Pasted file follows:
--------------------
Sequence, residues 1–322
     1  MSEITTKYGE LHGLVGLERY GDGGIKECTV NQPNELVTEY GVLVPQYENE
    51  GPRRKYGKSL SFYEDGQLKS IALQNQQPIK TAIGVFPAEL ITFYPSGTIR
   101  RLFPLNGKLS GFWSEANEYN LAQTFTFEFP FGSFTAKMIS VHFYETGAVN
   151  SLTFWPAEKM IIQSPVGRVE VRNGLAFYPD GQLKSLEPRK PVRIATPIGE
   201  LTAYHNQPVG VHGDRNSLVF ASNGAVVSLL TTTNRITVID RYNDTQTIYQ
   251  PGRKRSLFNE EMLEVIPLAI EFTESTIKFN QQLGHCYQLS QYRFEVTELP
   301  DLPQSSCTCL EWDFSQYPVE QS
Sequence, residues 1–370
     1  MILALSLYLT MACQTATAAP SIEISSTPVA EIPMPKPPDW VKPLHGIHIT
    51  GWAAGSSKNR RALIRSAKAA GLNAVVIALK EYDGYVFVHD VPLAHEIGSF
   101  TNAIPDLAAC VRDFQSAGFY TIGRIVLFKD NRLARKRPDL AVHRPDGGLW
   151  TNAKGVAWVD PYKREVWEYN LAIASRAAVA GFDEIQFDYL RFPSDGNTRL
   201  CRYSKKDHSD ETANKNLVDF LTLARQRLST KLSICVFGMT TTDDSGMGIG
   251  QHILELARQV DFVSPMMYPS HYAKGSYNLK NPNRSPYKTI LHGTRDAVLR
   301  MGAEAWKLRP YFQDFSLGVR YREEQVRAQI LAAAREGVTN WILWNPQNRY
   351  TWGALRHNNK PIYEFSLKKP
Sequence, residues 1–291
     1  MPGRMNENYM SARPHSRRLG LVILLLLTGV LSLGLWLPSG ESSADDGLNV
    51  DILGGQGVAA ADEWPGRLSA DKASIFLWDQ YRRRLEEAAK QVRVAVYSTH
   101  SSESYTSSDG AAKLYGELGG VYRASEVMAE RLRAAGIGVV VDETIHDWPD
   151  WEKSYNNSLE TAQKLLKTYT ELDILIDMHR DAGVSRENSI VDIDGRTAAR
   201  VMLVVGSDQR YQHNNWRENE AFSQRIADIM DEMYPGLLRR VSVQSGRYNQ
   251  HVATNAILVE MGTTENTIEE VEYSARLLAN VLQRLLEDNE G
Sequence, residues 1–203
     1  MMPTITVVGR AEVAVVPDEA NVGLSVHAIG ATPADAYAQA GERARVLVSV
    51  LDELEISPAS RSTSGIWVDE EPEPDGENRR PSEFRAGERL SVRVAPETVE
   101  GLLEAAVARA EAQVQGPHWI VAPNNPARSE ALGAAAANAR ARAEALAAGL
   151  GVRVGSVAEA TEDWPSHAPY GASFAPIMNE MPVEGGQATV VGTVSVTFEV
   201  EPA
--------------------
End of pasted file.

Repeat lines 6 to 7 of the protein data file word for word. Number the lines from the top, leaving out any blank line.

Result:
   201  LTAYHNQPVG VHGDRNSLVF ASNGAVVSLL TTTNRITVID RYNDTQTIYQ
   251  PGRKRSLFNE EMLEVIPLAI EFTESTIKFN QQLGHCYQLS QYRFEVTELP